Microsoft announced today a series of patches to address CVE-2020-1350, a remote code execution vulnerability affecting Windows Servers running the DNS server role. Sending a malformed and malicious information block to an affected DNS server could allow an attacker to execute arbitrary code on the server. Because of the relative impact of this vulnerability and the relative ease with which the attack may be conducted, this vulnerability earns a disturbingly perfect 10.0 for a base CVSS score making it worthy of immediate attention. Here’s the primer: https://msrc-blog.microsoft.com/2020/07/14/july-2020-security-update-cve-2020-1350-vulnerability-in-windows-domain-name-system-dns-server/
And, as usual, here’s our Q & A session:
Q: Does this affect every Windows server?
A: No. Although any Windows Server can run the DNS Server role, that role must be installed and configured first before the role is active and exploitable. However, the DNS Server role is always present on Windows Active Directory Domain Controllers (DCs), which are present in almost every enterprise environment. If you log onto a Windows domain, you have at least one Windows DNS Server.
Q: Are Windows workstations affected?
A: No. The Windows DNS Client service, which runs on all servers and workstations, is unaffected. Only the DNS Server component is susceptible to attack.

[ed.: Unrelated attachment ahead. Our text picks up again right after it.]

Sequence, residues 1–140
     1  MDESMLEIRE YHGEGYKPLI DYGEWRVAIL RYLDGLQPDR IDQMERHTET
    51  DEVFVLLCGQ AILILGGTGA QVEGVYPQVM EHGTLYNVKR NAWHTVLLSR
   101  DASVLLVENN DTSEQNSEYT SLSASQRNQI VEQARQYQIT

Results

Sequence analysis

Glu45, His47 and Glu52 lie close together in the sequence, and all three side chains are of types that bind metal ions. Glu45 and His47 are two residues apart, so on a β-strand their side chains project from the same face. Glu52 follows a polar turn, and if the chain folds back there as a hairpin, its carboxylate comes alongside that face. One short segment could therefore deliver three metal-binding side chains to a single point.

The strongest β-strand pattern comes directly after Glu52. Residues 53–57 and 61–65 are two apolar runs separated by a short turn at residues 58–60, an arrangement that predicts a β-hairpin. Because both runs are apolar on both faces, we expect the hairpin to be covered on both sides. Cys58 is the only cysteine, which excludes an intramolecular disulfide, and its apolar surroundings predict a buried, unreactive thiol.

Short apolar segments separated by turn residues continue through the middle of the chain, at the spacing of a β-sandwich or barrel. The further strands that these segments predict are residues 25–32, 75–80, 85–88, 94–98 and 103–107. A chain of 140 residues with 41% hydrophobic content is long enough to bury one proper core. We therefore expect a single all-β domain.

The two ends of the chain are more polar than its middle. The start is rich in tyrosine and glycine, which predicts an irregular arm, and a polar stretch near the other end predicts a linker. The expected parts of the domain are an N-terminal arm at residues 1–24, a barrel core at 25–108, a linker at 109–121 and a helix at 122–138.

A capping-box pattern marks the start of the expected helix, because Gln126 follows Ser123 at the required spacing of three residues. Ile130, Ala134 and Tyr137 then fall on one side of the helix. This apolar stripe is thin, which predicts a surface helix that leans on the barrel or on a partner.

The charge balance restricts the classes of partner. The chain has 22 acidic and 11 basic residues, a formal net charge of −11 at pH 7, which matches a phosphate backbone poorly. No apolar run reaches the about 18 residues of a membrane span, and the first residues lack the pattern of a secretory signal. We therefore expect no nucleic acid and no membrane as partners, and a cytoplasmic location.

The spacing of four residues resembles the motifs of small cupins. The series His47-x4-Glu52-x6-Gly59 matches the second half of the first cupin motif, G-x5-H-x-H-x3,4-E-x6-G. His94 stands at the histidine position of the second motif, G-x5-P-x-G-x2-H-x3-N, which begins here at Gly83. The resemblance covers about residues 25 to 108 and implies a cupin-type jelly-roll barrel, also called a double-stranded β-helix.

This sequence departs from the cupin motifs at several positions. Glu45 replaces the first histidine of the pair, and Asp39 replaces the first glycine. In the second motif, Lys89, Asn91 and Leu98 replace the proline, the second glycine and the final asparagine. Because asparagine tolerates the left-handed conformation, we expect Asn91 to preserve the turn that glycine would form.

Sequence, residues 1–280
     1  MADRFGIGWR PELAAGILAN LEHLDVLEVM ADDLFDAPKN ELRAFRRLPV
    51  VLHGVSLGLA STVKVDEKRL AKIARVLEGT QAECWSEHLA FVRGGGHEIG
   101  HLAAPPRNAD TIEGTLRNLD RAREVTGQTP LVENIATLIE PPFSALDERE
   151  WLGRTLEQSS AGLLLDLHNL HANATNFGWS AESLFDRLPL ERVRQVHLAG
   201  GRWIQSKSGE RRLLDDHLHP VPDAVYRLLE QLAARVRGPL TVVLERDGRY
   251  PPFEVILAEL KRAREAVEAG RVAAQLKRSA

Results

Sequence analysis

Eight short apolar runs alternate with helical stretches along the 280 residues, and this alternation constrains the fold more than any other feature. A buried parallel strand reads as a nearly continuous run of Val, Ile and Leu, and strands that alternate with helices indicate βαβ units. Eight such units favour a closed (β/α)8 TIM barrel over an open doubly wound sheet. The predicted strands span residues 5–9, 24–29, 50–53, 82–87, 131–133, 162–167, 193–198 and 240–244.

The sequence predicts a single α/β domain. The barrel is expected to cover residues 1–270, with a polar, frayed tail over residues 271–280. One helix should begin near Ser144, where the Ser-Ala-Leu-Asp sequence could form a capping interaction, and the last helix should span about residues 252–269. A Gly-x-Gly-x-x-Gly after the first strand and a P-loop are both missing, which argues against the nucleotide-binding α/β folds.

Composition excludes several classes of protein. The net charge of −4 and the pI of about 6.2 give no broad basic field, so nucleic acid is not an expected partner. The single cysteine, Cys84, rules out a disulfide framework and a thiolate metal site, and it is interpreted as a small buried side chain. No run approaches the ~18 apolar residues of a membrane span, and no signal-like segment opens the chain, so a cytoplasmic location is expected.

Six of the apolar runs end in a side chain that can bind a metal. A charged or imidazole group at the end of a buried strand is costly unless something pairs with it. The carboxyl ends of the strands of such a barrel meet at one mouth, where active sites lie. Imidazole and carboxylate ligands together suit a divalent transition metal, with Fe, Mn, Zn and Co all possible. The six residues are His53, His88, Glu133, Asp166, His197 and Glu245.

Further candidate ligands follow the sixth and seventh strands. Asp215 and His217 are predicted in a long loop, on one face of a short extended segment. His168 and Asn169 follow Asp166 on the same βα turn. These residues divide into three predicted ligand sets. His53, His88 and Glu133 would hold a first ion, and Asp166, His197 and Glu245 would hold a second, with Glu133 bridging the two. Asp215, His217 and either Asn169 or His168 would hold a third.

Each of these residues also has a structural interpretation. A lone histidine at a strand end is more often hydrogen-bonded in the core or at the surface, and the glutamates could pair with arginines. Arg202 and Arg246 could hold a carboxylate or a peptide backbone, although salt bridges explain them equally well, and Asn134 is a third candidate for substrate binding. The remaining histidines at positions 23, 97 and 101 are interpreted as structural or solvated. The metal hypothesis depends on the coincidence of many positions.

Q: Is this a Zero-Day Vulnerability where exploits are already in progress?
A: No. As of this writing, there have been no known public exploits of this vulnerability. However, eventual public exploit seems likely. This is a serious security flaw that will hold us accountable for our security practices one way or another.
Q: What corrective action needs to be performed?
A: Patches for Microsoft Servers that correct this vulnerability are available from Microsoft. Suite3 is evaluating and approving them for distribution. Patch delivery will begin early morning 7/15/2020. Clients who receive our automatic ManageSuite patch delivery services will see update rollouts starting tonight.
There is also a non-patch workaround that’s fairly straightforward, however this workaround may result in unexpected behavior from the DNS server. Though we advise clients to wait until we roll out the update(s), the workaround is available here: https://support.microsoft.com/en-us/help/4569509
Q: What’s the good news?
A: Exploitation of the vulnerability requires that the attacker be able to submit DNS requests to your affected DNS servers, which usually means being on your LAN. Also, again, there’s no proof of a public exploit yet. Best-practices remain best-practice: Patch early and often, don’t open or run any documents or software you don’t trust, and make sure your backups are secure and isolated.
Updated: July 15, 2020 at 8:00am